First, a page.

“Concerning this thing I pleaded with the Lord three times that it might depart from me. And He said to me, ‘My grace is sufficient for you, for My strength is made perfect in weakness.’ Therefore most gladly I will rather boast in my infirmities, that the power of Christ may rest upon me. Therefore I take pleasure in infirmities, in reproaches, in needs, in persecutions, in distresses, for Christ’s sake. For when I am weak, then I am strong.” ~ 2 Corinthians 12:8-10
Initially, Paul can only think about stopping the pain. He pleaded three times. Strong stuff.
God’s grace is sufficient (here meaning His favor and presence)… Paul discovers this is his only barrier against despair. Knowing God in his daily experience is enough.
Where God is… ALL of God is.
- God is not coming to prop up his strength. Human “strength” is an illusion.
- God often allows our human props to get knocked out from under us.
- In the experience of his weakness, Paul experiences more of God and what He wants to do in Paul’s circumstances.
“Therefore most gladly I will rather boast in my infirmities, that the power of Christ may rest upon me.” ~ 2 Corinthians 12:9
He now prefers the highest forms of dependence on Christ. The greatest challenges and difficulties become fresh opportunities to trust Him, experience Him, and pursue His way through those difficulties.
Christ’s power hangs with the powerless.
Romans 16:16 Greet one another with a holy kiss.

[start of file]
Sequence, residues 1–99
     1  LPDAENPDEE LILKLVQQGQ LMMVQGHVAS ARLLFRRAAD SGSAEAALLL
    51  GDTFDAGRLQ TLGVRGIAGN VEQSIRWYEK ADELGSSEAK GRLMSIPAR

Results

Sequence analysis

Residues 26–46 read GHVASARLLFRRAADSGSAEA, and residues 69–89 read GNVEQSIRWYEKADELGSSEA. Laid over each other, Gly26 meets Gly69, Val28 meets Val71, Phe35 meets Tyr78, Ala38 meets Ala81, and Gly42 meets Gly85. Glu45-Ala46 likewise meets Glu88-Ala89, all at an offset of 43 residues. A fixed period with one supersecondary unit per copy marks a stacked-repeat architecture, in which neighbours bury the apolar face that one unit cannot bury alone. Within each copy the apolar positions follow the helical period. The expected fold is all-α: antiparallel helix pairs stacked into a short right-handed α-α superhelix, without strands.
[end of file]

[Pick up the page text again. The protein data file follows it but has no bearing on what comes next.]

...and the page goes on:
1 Corinthians 16:20 Greet one another with a holy kiss.
2 Corinthians 13:12 Greet one another with a holy kiss.
1 Thessalonians 5:26 Greet all the brethren with a holy kiss.
1 Peter 5:14 Greet one another with a kiss of love.
Do you remember your first kiss? Sure you do! What makes it so special? What is it about a kiss that so captures the imagination and heart of our culture?
Let me suggest that with a kiss we are communicating our affection and acceptance of another person. Intimacy. Warmth. With just a kiss.
Every culture has a way of doing that, but we have done it for centuries with a kiss. Two millennia have not altered the basic message. Paul wants us to greet one another with the highest form of affection.
How can we do this today?
(1) Determine to take every instance of greeting seriously – Paul is really issuing a command to obey. Greeting one another is a non-optional activity. So we ought to carefully reflect on how we normally greet others. We should avoid simple protocol greetings when possible — let’s get real!
(2) Take the focus off yourself and place it on the other person – Think about the kind of recognition you would want to receive. Think about the times when a poor greeting was hurtful to you.
(3) Learn and use a person’s name in your greeting – Think of the other person as family. Knowing and using a name is a measure of a person’s significance to you. Paul greeted no less than 25 persons by name in Romans 16 in a city he had never visited! Names are vital.
(4) Bless the person with affirmation and interest – “Pause” for the person as you greet them. Acknowledge enduring qualities you appreciate about them. Ask them genuine, probing questions. Introduce them to others with words of affirmation.
(5) And yes – do use an appropriate physical expression of affection – Paul stresses use of the “holy kiss” — please understand that he was referring to greetings between the same sexes! While the function of greeting never changes, but the physical form may vary from culture to culture. Whether it’s a warm handshake and a hug, a squeeze of a shoulder or arm, or a simple pat on the back – we must not offend or tempt others with the physical form of our greeting. But don’t be afraid to display warm affection.